Today I wore jeans to work. Normally I’m a bit smarter, but it’s 20th September, which means it’s Jeans for Genes Day.
If you’re unfamiliar with it, JfG Day was established to encourage people to ‘dress down’ for a day, paying a few pounds for the privilege, with the proceeds going to Genetic Disorders UK, a charity which “aims to change the world for children with genetic disorders”.
Here’s how I turned that into a topical lesson for my upper-intermediate group (about half of whom are in their mid-late teens, hence the post title) this morning:
1. Warmer – I asked them to guess why I was wearing jeans today.
This was much more entertaining than I’d anticipated. Their speculations ranged from “you’ve already packed your suitcase for your holiday next week and only have one pair of jeans left”, to “your washing machine might have broken”, to “you might have been burgled by someone with a dress fetish”.
2. Video – two little girls with brittle bone disease
I explained why I was really wearing jeans, first of all; then told the students a bit about Jeans for Genes Day.
I told them we were going to hear first-hand from a child with a genetic disorder, told them a bit about the girls in the video (without giving away too much!), and gave them 5 questions to answer while they watched:
- What does it mean to have brittle bones?
- Do all the children in the family have this condition?
- What are some of the things Tiana’s mother worries about? (Try to catch at least 3.)
- How does the condition affect Star’s legs?
- Has Star ever broken her skull?
Here is the video itself:
(I chose this video from a selection of 4-5 minute videos on the Jeans for Genes website.)
After watching it once, the students compared what they’d understood with a partner, before watching it a second and final time.
Between these two views, I checked they understood “fracture”, “careful” and “painful”, all of which occurred in the video. One or two students had been unsure about “skull”, but their partners cleared this up for them.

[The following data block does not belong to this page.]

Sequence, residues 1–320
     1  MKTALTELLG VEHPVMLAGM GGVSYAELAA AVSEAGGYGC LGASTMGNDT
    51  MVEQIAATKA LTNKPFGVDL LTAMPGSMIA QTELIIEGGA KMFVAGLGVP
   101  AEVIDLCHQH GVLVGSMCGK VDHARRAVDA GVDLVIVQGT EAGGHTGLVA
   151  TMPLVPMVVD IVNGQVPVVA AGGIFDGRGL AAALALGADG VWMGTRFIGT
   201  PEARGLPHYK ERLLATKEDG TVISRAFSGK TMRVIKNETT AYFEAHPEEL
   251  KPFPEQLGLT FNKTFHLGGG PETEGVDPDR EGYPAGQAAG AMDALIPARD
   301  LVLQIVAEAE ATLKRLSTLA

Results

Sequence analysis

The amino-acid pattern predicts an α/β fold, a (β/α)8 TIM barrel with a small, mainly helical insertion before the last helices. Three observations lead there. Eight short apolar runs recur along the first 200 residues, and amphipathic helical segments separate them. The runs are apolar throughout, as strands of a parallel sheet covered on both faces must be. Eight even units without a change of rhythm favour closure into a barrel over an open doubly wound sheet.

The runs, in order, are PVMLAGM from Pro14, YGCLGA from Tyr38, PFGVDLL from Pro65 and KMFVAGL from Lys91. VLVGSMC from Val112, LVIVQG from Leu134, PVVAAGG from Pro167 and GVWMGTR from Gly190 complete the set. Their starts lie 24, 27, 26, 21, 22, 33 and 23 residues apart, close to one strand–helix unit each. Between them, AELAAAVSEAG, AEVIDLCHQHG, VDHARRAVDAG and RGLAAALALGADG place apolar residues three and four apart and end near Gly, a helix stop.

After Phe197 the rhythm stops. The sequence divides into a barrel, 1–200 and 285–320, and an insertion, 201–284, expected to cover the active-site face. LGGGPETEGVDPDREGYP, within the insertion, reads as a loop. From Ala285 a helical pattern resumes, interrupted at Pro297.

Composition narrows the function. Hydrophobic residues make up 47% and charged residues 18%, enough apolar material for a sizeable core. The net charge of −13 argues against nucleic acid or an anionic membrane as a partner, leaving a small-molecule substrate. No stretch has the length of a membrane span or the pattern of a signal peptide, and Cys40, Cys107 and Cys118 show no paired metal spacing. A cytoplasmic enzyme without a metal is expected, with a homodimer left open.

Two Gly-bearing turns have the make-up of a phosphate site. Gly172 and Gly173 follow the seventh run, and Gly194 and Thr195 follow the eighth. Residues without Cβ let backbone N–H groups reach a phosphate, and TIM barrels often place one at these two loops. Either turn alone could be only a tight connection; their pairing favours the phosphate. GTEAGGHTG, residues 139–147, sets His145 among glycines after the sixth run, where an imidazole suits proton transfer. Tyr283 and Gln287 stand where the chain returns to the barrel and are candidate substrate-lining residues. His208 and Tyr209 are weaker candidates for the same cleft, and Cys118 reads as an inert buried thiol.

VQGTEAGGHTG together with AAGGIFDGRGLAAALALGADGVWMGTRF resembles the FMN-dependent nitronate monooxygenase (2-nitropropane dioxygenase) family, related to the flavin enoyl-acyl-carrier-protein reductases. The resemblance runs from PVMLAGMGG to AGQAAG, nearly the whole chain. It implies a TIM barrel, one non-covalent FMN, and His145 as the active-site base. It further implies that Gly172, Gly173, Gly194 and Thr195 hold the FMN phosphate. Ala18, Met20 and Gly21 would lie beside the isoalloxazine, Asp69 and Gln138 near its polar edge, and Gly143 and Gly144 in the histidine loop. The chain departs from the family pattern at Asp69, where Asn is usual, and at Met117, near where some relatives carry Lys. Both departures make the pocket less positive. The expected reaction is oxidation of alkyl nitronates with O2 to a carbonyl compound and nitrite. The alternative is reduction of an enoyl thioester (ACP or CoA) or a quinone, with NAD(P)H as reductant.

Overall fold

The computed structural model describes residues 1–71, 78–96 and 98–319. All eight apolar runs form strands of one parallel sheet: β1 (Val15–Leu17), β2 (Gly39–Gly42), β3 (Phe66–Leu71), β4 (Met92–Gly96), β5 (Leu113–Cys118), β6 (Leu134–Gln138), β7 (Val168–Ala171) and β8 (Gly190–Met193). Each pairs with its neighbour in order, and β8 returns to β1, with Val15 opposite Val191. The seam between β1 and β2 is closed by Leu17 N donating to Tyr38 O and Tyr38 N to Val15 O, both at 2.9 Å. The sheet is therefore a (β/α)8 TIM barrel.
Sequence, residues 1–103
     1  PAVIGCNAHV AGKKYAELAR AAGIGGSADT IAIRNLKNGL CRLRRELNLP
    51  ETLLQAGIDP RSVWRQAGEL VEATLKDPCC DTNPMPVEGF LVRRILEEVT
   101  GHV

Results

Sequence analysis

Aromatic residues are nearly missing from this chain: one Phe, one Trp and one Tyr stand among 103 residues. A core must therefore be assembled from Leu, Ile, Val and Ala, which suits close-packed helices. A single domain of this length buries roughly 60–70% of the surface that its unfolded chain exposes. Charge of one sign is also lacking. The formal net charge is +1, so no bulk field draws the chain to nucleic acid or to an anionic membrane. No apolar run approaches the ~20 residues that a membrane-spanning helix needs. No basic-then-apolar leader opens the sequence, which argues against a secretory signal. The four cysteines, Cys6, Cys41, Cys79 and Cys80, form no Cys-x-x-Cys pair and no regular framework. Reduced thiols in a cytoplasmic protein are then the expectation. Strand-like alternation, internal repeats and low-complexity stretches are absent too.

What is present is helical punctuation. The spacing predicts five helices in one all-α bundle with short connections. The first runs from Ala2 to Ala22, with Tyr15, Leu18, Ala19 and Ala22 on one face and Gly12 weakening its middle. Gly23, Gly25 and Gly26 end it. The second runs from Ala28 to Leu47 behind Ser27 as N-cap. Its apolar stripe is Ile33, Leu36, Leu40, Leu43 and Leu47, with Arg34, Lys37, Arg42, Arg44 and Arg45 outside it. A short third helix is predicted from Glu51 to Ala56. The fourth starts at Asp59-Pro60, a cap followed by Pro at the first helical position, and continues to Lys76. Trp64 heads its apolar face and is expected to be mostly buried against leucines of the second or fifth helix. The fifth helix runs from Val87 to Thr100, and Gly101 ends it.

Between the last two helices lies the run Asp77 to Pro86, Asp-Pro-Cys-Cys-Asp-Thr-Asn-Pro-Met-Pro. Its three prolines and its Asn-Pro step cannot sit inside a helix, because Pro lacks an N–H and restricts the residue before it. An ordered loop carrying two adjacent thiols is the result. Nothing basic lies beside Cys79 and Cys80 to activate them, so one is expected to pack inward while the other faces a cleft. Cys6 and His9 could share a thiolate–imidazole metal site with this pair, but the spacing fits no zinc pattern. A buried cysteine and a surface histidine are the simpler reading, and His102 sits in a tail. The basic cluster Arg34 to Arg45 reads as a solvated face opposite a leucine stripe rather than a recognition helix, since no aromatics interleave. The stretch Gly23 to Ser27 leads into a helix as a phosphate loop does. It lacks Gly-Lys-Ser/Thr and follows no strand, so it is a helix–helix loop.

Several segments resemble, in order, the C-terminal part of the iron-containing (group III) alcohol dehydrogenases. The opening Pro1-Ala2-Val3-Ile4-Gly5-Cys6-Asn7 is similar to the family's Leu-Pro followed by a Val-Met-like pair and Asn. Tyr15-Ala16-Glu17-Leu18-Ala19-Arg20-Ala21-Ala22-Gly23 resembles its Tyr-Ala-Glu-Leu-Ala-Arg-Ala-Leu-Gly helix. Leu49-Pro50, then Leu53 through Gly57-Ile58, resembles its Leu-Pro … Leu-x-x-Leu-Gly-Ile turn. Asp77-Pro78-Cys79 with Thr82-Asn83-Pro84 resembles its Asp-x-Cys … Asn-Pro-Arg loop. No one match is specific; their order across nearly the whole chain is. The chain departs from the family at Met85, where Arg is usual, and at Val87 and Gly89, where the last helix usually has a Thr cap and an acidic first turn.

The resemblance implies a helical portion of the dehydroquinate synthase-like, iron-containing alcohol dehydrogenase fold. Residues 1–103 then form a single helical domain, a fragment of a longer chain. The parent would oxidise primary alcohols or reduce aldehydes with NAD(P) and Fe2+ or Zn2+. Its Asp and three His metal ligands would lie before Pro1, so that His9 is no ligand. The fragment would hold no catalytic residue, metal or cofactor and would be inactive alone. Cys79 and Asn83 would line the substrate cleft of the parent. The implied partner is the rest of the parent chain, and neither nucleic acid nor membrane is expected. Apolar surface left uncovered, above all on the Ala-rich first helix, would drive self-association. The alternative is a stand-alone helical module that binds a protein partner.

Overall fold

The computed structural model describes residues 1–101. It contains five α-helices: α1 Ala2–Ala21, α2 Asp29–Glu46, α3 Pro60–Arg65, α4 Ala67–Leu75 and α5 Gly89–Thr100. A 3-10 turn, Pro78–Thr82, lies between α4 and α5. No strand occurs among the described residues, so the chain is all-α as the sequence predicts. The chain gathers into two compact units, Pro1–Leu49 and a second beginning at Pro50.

Nobody caught everything the first time but in whole-class feedback after two viewings, they had all done quite well. We also looked briefly at the accent of the people in the video (northern English, which the students were not familiar with, e.g. pronouncing ‘up’ as /ʊp/).
3. Pick a charity & research it.
After responding to the content of the video (mostly, they found it interesting but sad!), we quickly brainstormed some typical issues addressed by charities (poverty, illness, child abuse, etc.).
There were 10 students = 5 pairs. Each pair selected one area from our list of charity types and I suggested a charity they might be interested in learning more about. Some pairs had their own ideas. This was the final list:
Each pair had an iPad (or used their own mobile devices) to research some basic info on their chosen charity. After about 10 minutes, they had 5 more minutes to prepare a brief presentation for the rest of the class.
Each pair presented what they’d found to the other students. The others had time afterwards to ask questions, and we finished with a brief bit of error correction on some relevant lexis (e.g. pronunciation and use of the word “association”).
And that’s all there was to it! Straightforward lesson structure with an engaging, real-world topic, and practice of listening (with video), spoken fluency and some relevant and emergent lexis.
I mention specifically that there were quite a few teens in this class as I don’t teach this age group very often, but find this is the sort of thing they really engage with. It suits their maturity in terms of discussing delicate issues, as well as their enthusiasm for presenting and using technology to engage with language content.
(If you want to find out more or donate, click here.)